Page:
In May 2007, the International Clinical Trials Registry Platform of the World Health Organization (WHO ICTRP) was established to offer an international standard for trial registration. ICTRP made trial registration the rule, not the exception. As of July 2009,10 WHO primary registries in Australia and New Zealand, the United Kingdom, China, India, Germany, Japan, the Netherlands, Iran, Sri Lanka, and Africa are approved by WHO ICTRP. Another registry,, is approved by the International Committee of Medical Journal Editors (ICMJE)[10]. ICMJE accepts registration of trials in any of the WHO ICTRP primary registries, and WHO ICTRP accepts registrations approved by ICMJE [11][14]. FDAAA 801(section 801 of FDAAA, a United States public law covering clinical trial) also calls on the US National Institutes of Health to require that entries be augmented with trial results within 12 months of trial completion or within 30 days of FDA approval (or clearance) of a new drug, biologic, or device (with the exception of phase I clinical trials and complementary and alternative medicine trials)[13], [15]. Our previous study showed that Chinese trials are registered not only in the Chinese Clinical Trial Register (ChiCTR), but also in other WHO ICTPR primary registries or ICMJE-approved registries[16].

Many trials are conducted in China. The State Food and Drug Administration (SFDA) of China receives about 1,250 applications for authorization of new trials and new drug applications each month [17]. Up to now, no published studies have explored the result publication rate in China after registration. We aimed to assess the result publication rate in the 10 WHO registries and to identify factors associated with publication.

Materials and Methods

Inclusion and exclusion criteria

We included trials we considered to be “sponsored by China”—that is, either the principal investigator, the main funder, or both were located in China. We excluded trials in which study participants were Chinese, but the trial was not sponsored by China.In this study, a Chinese trial could be either interventional or observational.

Data collection

We searched 11 registries for trials sponsored by China: the Australian and New Zealand Clinical Trials Registry (ACTR), the International Standard Randomised Controlled Trial Number Register (ISRCTN), the Chinese Clinical Trial Registry (ChiCTR), the Iranian Registry of Clinical Trials (IRCT), the German Clinical Trials Register (DRKS), the Japan Primary Registries Network, the Netherlands National Trial Register (NTR), the Sri Lanka Clinical Trials Registry (SLCTR), the Clinical Trials Registry – India (CTRI), the Pan African Clinical Trial Registry (PACTR), and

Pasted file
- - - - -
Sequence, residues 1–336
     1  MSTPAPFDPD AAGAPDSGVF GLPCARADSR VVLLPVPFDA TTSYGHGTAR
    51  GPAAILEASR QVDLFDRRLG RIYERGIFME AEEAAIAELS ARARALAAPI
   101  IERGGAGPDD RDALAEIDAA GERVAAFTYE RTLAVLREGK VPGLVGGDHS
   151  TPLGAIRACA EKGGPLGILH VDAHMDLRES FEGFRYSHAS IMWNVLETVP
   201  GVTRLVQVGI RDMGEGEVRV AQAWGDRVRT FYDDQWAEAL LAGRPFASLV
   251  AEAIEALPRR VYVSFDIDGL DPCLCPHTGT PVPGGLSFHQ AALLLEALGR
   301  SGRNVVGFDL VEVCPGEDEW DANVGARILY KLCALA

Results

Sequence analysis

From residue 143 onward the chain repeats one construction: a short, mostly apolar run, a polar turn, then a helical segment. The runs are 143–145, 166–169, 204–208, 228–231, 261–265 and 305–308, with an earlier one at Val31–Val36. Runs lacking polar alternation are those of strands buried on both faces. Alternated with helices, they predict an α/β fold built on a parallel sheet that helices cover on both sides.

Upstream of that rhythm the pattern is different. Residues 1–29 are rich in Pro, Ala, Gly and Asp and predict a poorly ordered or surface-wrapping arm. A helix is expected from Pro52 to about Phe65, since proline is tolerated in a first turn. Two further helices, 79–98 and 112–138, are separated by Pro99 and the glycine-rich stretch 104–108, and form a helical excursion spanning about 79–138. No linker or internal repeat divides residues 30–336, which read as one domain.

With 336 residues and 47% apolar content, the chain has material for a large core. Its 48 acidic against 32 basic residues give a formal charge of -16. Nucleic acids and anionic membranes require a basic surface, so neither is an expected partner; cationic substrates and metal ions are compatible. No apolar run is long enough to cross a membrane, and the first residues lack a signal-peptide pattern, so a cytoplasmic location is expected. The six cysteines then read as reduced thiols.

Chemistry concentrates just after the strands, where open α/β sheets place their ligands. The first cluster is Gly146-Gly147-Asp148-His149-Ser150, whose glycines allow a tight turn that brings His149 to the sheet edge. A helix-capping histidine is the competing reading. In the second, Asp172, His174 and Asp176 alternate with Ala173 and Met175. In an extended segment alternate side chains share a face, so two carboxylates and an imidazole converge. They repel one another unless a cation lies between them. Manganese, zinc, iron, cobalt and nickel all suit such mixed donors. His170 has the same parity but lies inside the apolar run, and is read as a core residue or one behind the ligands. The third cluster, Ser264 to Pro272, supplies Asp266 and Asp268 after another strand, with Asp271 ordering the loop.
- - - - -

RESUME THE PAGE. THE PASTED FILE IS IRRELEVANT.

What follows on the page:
All records in ChiCTR were included in our analysis, and we used “China” as a key word in searching the other 10 registries for potentially eligible trials. The search was conducted on July 14, 2009.

Data extraction

We designed a program using the programming language Python to extract information about clinical trials. The program first automatically fetches web pages of clinical trials from registration centers and stores them in separate HTML files. Then it utilizes specific tags and key words in HTML files to locate each of the registration items, and extracts them. Finally, this program compiles the extracted data and exports it into an Excel table for further analysis. The first search was conducted on December 31, 2009 and included 920 trial records. To guarantee the reliability and reproducibility of the program, we checked the 920 records manually. Our check confirmed that the program could extract the data correctly. The rate of agreement is 100%. The final search was conducted on July 14, 2009.

The progress status of a trial was indexed as completed, ongoing, terminated, or suspended. To find the full text of each completed trial, we proceeded as follows (see figure 1)